As a minister, his deportment in the pulpit was grave and solemn: his language plain and expressive: is method natural and easy: his reasoning strong and nervous: his addresses affectionate: his matter substantial, clear, and consistent, well digested, and delivered with great fluency and accuracy, which failed not to command and fix the attention of his hearers. In prayer, he poured out his soul with great freedom and fervency, with much importunity, familiarity and liberty; and, like another Apollos, was mighty in the scriptures, and had the tongue of the learned to speak a word in season.
The great doctrines of the gospel which he espoused, and which he at first set out with in the work of the Lord, and constantly and firmly abode by through life, even unto death; were such as respect a Trinity of persons in the godhead—particular and personal Election—the everlasting love of God—the Covenant of grace—the Fall of Adam, and the consequences of it—Particular Redemption, through the Incarnation, Obedience, Sufferings, Death, Resurrection and Intercession of the Son of God—Pardon through his blood—Justification by his righteousness—the Efficacious Grace of the holy Spirit in Regeneration—the perseverance of the Saints in Grace to Glory—the Resurrection of the dead—and eternal Life—these truths, with all those doctrines connected with or dependent on them, this faithful servant of Jesus Christ did constantly labour to explain, illustrate, and defend: at the same time, never omitting to recommend and enforce the several duties which are enjoined us in the sacred oracles of eternal truth. He did not shun to declare the whole counsel of God, and kept back nothing that might he profitable to the people; constantly affirming, that those who believe should be careful to maintain good works. His ministry, by the blessing of God, was very much owned, and greatly succeeded to the awakening, conversion, comfort, instruction, edification, and establishment of many, who enjoyed the opportunity of attending upon it. And it is worthy of notice, that three persons, who had been converted under his ministry, were afterwards called to that important work themselves.[6]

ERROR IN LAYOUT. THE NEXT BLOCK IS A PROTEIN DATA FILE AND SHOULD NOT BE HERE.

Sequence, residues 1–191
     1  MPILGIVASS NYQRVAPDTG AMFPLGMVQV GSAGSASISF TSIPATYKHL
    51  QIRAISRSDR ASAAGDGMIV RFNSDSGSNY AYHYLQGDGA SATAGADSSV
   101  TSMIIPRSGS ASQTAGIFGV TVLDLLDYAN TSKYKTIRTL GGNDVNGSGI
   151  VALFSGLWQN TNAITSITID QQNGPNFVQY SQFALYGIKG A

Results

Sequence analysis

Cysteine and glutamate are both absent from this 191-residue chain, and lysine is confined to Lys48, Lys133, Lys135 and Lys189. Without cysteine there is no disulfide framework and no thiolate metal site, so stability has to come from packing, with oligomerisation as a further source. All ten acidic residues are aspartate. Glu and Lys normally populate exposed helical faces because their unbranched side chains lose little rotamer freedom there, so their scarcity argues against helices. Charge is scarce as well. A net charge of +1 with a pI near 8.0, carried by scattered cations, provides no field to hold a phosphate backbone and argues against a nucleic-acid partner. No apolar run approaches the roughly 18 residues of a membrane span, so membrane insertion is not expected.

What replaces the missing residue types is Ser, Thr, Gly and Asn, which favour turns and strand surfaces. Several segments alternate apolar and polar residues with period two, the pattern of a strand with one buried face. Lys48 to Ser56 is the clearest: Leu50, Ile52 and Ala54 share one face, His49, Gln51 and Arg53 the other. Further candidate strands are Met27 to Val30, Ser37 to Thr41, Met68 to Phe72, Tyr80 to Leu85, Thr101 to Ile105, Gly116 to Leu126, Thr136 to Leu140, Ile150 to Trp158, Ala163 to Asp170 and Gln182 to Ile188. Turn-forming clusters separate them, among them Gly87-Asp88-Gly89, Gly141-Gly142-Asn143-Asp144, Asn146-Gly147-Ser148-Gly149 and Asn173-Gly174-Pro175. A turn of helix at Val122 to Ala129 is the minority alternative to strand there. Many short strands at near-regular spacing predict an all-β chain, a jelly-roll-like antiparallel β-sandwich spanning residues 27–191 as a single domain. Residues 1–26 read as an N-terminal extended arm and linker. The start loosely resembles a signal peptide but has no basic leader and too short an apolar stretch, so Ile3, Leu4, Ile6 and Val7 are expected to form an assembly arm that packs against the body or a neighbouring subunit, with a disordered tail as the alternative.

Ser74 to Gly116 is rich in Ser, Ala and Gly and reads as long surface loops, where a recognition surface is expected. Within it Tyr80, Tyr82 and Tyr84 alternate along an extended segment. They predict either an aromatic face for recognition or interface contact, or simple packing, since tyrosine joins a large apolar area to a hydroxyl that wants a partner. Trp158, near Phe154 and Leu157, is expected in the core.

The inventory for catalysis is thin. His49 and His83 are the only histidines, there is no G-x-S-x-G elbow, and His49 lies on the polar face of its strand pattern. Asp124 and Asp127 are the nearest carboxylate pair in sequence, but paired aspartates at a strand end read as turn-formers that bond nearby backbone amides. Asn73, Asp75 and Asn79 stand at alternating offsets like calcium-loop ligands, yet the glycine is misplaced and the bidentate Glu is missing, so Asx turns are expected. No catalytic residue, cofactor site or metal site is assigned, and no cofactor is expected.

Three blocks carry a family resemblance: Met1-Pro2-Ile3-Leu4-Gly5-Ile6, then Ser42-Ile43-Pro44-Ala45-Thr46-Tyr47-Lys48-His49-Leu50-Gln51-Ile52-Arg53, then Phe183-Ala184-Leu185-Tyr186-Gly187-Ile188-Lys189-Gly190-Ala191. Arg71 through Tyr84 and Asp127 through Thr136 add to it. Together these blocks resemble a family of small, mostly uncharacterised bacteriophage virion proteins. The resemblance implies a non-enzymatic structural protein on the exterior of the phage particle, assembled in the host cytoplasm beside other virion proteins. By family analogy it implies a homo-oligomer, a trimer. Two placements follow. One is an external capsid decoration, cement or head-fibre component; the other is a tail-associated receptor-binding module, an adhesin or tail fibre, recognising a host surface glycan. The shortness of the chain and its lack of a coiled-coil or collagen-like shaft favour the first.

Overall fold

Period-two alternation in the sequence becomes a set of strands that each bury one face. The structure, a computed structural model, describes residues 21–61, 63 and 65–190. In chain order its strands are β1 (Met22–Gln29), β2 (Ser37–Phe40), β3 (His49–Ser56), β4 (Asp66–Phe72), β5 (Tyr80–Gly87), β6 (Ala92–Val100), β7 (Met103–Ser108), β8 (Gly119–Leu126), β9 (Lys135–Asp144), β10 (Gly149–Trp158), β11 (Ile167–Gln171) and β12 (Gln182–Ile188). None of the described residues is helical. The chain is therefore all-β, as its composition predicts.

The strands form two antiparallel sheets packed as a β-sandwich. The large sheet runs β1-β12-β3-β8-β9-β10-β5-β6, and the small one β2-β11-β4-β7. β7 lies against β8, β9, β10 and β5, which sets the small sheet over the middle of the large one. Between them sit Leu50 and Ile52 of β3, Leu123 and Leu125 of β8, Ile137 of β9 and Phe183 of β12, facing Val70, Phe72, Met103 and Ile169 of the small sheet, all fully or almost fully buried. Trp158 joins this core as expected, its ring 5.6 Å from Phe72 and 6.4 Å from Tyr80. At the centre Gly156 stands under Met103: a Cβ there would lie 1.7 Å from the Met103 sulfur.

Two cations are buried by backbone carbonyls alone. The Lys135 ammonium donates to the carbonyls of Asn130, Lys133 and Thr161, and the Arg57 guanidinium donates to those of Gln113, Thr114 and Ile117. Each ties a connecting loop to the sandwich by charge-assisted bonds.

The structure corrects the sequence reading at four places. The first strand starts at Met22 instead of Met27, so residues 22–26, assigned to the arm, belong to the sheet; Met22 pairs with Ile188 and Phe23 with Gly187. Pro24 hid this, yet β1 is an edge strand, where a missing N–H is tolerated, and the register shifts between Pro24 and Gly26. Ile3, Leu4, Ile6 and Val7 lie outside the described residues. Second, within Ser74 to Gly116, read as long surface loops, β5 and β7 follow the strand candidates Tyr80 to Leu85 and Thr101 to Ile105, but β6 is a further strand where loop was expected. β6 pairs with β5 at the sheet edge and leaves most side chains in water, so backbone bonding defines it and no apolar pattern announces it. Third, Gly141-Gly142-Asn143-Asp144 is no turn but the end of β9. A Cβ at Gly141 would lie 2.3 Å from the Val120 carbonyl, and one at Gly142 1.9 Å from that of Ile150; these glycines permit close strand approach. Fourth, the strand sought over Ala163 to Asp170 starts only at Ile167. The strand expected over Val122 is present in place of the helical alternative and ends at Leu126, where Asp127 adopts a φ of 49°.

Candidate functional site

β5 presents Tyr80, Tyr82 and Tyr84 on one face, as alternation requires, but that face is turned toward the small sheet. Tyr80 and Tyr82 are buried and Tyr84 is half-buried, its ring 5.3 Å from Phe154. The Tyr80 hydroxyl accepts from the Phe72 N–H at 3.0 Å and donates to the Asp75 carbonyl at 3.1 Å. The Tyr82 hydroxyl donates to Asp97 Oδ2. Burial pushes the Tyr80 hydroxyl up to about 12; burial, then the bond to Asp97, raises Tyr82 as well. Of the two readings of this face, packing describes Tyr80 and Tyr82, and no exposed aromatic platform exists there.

As a Pastor, he constantly and carefully watched over the flock committed to his charge, and of which he had taken the oversight, with great affection, fidelity and love; and filled up his place in the house of God with honour and usefulness. In which office he continued to his death, above FIFTY-ONE years; labouring, with great assiduity, for the good of souls; earnestly contending for the faith once delivered to the saints; and zealously concerned for the honour of the Redeemer, his cause and interest in the world. And nothing more filled him with grief, than, when the deity and divine filiation of the Son of God were denied, or any attempts made to lessen, or sink the dignity of his person, the virtue and efficacy of his blood, and of that full and complete salvation that is alone in him. Nor was he in the least moved from the glorious truths of the gospel, by the subtlety of any of its adversaries. He expressed the comfort he received from those words in Acts 20:24, But none of these things move me; neither count I my life dear to myself, so that I might finish my course with joy, and the ministry which I have received of the Lord Jesus, to testify the gospel of the grace of God. And through divine grace he was enabled to hold out to the last, and valiantly to contend for the truth on earth.